I know I'm being prissy, and that it really wasn't a hard story to step back and understand; I just don't see why this was the story that needed to be retold. The commentaries mention many moments that were switched around or removed in order to up the action in the time allotted, which was far too short, but I know that wasn't the fault of those creating it. They also remark on how good this story is, because it's the first truly dramatic tale about Hulk without the aid of Bruce Banner, who doesn't appear at all. Fine for others, but the only thing I really like about the Hulk is the antithesis between his inner peace and outer violence. I dig psychological underpinnings with asskicking thrown in. It's my own fault that I don't relate to anything here, but I think it's because it's in an animated format in the first place. Maybe because nothing made me smile. Hulk tugs heartstrings!
If I could stop sounding holier-than-thou for a moment, there are many things I liked about Planet Hulk, such as the look and sounds, and that it's PG-13, which means death can occur. While Rick D. Wasserman's portrayal of the Hulk isn't going to win any Oscars, it is quite a ways beyond monotonous groans and grunts. Everyone else is fairly impressive as well, considering some of the dialogue given to them. And again, Planet Hulk is a good-looking piece of animation. Stark central characters move against gorgeous backgrounds during most of the action. Some of the dialogue is average, but the colors are quite vibrant, avoiding many shades of green so that Hulk is ever vibrant. The best-looking thing about it, though, is the opening sequence, which is worth a second look after first viewing, because it foreshadows a bunch. In closing: Fans watch Planet Hulk!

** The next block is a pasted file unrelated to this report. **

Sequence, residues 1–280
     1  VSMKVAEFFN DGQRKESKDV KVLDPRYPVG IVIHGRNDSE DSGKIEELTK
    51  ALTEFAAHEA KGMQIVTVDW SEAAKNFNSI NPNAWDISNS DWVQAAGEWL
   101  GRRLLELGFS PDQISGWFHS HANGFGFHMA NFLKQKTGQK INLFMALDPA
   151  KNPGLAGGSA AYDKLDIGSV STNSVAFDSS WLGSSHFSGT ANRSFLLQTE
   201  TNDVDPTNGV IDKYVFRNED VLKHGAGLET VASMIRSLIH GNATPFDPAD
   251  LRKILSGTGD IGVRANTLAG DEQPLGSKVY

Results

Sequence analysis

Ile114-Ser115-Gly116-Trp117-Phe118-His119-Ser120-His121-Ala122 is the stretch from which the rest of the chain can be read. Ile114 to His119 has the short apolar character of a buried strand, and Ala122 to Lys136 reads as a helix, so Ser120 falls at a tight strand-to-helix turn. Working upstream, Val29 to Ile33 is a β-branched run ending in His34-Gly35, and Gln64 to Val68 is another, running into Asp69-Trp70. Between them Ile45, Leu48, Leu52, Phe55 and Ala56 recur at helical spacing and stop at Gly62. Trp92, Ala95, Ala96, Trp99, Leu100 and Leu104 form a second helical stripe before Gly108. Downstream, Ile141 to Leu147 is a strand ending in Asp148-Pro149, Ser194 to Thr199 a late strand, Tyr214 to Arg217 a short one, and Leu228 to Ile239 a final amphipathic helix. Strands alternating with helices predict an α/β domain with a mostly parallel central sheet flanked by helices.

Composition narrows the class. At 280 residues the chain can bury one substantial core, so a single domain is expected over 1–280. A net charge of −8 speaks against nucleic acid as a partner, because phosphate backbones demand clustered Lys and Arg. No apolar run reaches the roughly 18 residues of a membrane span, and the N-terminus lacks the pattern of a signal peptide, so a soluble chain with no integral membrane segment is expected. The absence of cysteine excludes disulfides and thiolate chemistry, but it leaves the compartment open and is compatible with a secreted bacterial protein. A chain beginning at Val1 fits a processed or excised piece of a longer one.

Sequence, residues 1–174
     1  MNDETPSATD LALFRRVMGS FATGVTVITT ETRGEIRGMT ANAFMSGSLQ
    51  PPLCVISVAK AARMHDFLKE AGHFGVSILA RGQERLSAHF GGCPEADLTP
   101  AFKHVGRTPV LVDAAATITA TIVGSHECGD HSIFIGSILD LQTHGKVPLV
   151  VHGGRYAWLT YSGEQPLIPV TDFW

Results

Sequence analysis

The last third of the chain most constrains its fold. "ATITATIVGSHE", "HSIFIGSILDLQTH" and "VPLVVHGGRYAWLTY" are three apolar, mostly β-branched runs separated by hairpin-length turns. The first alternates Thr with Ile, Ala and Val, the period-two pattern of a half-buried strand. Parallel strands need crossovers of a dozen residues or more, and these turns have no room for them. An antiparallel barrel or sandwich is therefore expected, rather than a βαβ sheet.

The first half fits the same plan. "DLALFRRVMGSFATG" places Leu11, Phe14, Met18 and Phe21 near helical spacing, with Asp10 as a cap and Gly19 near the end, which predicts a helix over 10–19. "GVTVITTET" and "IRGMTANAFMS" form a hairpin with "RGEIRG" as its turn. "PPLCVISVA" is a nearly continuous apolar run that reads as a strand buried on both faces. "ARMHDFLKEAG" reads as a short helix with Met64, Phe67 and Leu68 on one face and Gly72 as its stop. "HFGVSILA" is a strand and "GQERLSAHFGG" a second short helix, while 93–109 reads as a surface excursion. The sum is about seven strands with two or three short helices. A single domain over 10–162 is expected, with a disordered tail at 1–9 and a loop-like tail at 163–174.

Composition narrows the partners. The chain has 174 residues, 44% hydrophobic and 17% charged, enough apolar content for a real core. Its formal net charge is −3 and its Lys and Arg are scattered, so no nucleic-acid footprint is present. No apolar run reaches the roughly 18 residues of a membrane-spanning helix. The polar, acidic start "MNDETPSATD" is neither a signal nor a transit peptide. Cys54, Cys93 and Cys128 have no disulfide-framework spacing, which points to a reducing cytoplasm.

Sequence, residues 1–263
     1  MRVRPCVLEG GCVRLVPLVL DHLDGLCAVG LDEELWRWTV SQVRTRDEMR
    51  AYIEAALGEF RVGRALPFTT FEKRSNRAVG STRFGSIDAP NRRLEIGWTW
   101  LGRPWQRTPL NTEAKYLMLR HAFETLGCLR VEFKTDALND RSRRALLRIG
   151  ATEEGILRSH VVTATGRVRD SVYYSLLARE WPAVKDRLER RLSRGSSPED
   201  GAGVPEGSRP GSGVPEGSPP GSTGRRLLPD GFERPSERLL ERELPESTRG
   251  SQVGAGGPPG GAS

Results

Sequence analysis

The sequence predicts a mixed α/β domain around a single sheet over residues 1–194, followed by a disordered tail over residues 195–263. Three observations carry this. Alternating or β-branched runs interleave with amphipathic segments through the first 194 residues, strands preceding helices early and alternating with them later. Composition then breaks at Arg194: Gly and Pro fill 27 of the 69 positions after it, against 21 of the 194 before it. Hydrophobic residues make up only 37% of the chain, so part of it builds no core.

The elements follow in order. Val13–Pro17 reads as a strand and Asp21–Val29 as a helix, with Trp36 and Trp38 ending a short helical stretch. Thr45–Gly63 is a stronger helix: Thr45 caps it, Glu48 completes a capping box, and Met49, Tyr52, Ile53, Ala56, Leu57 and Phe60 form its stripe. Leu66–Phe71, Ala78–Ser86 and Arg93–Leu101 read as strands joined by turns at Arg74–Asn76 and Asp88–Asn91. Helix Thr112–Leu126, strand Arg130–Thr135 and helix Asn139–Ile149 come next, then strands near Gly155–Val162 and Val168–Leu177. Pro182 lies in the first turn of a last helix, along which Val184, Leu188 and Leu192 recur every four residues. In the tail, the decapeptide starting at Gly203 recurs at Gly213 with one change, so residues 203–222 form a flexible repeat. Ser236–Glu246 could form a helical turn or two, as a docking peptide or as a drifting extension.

If you liked the film, this will be a special edition for you indeed. It's padded, though half of it is for other Marvel material. At 20+ minutes, "A Whole World of Hurt: The Making of Planet Hulk" is the best kind of all-in-one feature. It covers all the ground from story to animation, though it talks about the credit sequence a bit too much. "Let the Smashing Commence!: The Saga of Planet Hulk" gives a good bit of information about the comic series, as told by all involved. The two commentaries (one with screenwriter Greg Johnson and supervising producer Joshua Fine, the other with director Sam Liu, character designer Philip Bourassa, and background painter Steve Nicodemus) are both worth a listen for the details given. There's a lot of love for this comic and movie, and I'll blindly agree with half of that.
For the only other Hulk-related feature, there's the "Wolverine Vs. Hulk" episode of the Wolverine and the X-Men animated series. Those guys are always fighting. It's a good episode, certainly, and it made me want to watch the series from the early '90s. There are two motion comics: Spider-Woman: Agent of S.W.O.R.D. and Astonishing X-Men: Gifted. Really good stuff there, too, because of the excellent artwork and storylines that frustrate when they cut off. Motion comics should be sold in more places. The two motion-comic music videos, a dance-pop Spider-Woman promo, and a rock-hop X-Men promo, could have both been avoided completely. Songs that have to unironically refer to superheroes are pretty stupid. Wesley Willis will show you how it's done. The blah opening sequence to Thor: Tales of Asgard, which is a story about him as a teen, apparently, is on here, as well as a trailer for a Hulk game, and some other trailers, and a digital-copy disc. Quality packaging for something obviously meant for someone else. A target is on my head for all who wish to aim.